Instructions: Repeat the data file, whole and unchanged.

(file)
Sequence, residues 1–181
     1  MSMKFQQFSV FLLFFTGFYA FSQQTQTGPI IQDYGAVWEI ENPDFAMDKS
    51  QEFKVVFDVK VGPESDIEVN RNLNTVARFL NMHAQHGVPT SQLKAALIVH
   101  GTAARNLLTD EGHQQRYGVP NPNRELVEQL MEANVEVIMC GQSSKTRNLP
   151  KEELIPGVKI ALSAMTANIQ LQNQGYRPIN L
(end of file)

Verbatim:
Sequence, residues 1–181
     1  MSMKFQQFSV FLLFFTGFYA FSQQTQTGPI IQDYGAVWEI ENPDFAMDKS
    51  QEFKVVFDVK VGPESDIEVN RNLNTVARFL NMHAQHGVPT SQLKAALIVH
   101  GTAARNLLTD EGHQQRYGVP NPNRELVEQL MEANVEVIMC GQSSKTRNLP
   151  KEELIPGVKI ALSAMTANIQ LQNQGYRPIN L